More theory on moon formation

Discussion in 'Astronomy, Exobiology, & Cosmology' started by arauca, Jul 27, 2012.

  1. arauca Banned Banned

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    http://www.bbc.co.uk/news/science-environment-19011013

    What is certain is that some sort of impact from another body freed material from the young Earth and the resulting debris coalesced into today's Moon.

    But the exact details of the impactor's size and speed have remained debatable.

    In a report online to be published in Icarus, researchers suggest that the crash happened with a much larger, faster body than previously thought.

    Such theories need to line up with what we know about the Moon, about the violent processes that set off the creation of moons, and what computer simulations show about the more sedate gravitational "gathering-up" that finishes the job.

    In recent years, scientists' best guess for how the Moon formed has been that a relatively slowly moving, Mars-sized body called Theia crashed into the very young Earth.

    That would have heated both of them up and released a vast cloud of molten material, much of which cooled and clumped together to give rise to the Moon.

    That would suggest that the Moon is made up of material from both the early Earth and from Theia, which should be somewhat different from one another.
    Impact factor

    What complicates that story is a number of observations of "isotopic compositions" - the ratios of naturally-occurring variants of some atoms - taken from the Earth and from lunar samples.


    While the Moon has an iron core like Earth, it does not have the same fraction of iron - and computer models supporting the Theia impact idea show just the same thing.

    However, the ratio of the Earth's and the Moon's oxygen isotopes is nearly identical, and not all scientists agree on how that may have come about.

    Confounding the issue further, scientists reporting in Nature Geoscience in March said that a fresh analysis of lunar samples taken by the Apollo missions showed that the Moon and the Earth shared an uncannily similar isotope ratio of the metal titanium.

    That, they said, gave weight to the idea that the Moon was somehow cleaved from the Earth itself.

    Now, Andreas Reufer, of the Center for Space and Habitability in Bern, Switzerland, and colleagues have run computer simulations that suggest another possibility: that a far larger and faster-moving body made an even more glancing blow with the young Earth.

    They said this body would have lost only a small amount of material and most of it would have continued on after the "hit-and-run".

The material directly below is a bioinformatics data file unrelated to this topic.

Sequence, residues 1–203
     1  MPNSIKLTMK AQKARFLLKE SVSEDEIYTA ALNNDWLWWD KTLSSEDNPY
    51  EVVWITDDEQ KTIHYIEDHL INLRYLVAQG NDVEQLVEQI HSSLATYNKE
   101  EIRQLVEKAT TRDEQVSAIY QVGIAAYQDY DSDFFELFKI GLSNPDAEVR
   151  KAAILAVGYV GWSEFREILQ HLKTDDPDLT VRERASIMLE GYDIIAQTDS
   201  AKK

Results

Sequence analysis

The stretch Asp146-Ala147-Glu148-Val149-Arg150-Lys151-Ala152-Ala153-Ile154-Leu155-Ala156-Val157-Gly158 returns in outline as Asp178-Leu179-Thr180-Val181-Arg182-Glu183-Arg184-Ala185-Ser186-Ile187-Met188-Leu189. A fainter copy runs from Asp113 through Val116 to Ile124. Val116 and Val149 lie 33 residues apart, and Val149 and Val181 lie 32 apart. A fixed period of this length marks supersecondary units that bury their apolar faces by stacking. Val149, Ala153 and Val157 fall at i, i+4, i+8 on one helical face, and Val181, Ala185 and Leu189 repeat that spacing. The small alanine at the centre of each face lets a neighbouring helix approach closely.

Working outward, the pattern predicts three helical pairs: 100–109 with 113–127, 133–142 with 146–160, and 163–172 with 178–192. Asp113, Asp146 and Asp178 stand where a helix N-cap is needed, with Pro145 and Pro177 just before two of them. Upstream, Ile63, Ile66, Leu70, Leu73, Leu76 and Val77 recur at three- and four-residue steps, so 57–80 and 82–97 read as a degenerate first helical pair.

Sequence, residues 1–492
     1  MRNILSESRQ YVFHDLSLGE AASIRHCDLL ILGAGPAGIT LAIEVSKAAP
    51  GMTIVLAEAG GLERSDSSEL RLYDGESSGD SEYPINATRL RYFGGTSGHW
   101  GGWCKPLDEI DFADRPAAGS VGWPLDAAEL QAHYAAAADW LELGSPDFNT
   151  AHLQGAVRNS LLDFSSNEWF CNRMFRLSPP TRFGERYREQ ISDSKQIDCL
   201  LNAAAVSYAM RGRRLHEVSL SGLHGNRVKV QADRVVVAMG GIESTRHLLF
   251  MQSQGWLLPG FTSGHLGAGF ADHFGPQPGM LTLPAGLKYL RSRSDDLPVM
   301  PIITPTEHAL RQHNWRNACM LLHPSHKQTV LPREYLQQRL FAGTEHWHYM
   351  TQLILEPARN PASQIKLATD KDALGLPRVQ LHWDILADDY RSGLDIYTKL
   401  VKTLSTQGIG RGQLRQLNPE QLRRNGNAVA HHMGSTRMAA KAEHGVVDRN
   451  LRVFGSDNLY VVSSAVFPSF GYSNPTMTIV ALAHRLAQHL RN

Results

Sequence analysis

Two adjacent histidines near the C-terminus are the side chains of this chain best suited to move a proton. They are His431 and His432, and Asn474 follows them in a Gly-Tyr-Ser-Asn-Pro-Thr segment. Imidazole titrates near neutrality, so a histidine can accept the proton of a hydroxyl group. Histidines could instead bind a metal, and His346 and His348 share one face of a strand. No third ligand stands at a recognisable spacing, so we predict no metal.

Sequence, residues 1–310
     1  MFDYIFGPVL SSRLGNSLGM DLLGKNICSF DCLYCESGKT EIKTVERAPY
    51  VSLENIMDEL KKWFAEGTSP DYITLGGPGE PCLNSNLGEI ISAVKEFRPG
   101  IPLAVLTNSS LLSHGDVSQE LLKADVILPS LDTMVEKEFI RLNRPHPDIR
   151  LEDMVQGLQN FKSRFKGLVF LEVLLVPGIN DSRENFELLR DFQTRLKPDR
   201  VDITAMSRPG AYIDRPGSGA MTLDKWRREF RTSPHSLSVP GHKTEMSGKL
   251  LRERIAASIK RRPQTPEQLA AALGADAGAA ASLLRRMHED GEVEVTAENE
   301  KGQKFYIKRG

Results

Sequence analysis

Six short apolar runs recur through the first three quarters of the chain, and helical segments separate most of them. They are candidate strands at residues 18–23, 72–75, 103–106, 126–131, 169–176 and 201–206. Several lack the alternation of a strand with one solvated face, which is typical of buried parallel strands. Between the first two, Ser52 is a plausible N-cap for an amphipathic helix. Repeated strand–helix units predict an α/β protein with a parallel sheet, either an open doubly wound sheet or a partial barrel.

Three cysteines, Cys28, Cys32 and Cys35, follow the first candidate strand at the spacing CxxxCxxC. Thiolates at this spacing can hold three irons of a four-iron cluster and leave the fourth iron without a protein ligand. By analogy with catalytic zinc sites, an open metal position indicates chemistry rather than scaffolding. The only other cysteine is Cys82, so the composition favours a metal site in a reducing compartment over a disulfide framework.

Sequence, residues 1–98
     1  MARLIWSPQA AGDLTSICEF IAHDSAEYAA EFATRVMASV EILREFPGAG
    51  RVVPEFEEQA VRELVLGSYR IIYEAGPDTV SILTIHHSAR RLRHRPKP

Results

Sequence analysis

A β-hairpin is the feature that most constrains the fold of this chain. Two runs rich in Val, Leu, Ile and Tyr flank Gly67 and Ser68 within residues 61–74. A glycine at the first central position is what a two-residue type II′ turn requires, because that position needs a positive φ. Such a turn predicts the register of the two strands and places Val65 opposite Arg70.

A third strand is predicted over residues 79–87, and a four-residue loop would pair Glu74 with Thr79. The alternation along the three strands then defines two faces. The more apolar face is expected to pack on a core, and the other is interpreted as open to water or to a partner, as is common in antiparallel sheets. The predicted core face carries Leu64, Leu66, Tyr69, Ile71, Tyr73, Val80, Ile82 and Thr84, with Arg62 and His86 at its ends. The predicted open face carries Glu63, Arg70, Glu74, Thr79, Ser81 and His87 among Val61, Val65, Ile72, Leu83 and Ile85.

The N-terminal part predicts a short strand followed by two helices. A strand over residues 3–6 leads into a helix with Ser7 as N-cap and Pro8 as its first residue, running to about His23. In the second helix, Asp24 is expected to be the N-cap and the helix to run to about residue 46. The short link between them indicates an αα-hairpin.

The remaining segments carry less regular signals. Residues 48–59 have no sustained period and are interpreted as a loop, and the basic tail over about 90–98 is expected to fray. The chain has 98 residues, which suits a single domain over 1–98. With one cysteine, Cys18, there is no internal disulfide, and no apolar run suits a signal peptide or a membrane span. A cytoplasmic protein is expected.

That results in a much hotter disc of debris from the collision, but matches up with what would be needed to make a Moon-sized body.

    The authors suggest that since most of what became the Moon would have been liberated by the impact from the Earth, similarities between the isotope fractions should be more pronounced.

    More analyses of different elements within lunar samples - and a great deal more computer simulations that result in a Moon like our own - will be needed to settle the debate
     
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  3. Gerhard Kemmerer Banned Banned

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    And neither of them left their finely balanced orbits?
     
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  5. origin In a democracy you deserve the leaders you elect. Valued Senior Member

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    huh?
     
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  7. Gerhard Kemmerer Banned Banned

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    It is very unlikely that any orbiting planet or moon can sustain their finely balanced orbit after a great collision. Unless we accept the idea that it is not gravity alone that holds them on track...
     
  8. youreyes amorphous ocean Valued Senior Member

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    Don't you know about the importance of magnetism and gravity in formation of such objects? The magnetic field created by the dynamo still remains as a remnant on lunar surface. Studying Rima Sirsalis region can help us understand for example on the collision and ejection trajectories during moon formation. LRO satellite currently in orbit around the moon can possibly help us answer these questions and provide the missing data to these simulations O.P. speaks of.

    The orbit was achieved after aggregation of ejected debris, obviously the fine tuning for a stable orbit made life on Earth possible, so luck is in it.
     
  9. FTLinmedium Registered Senior Member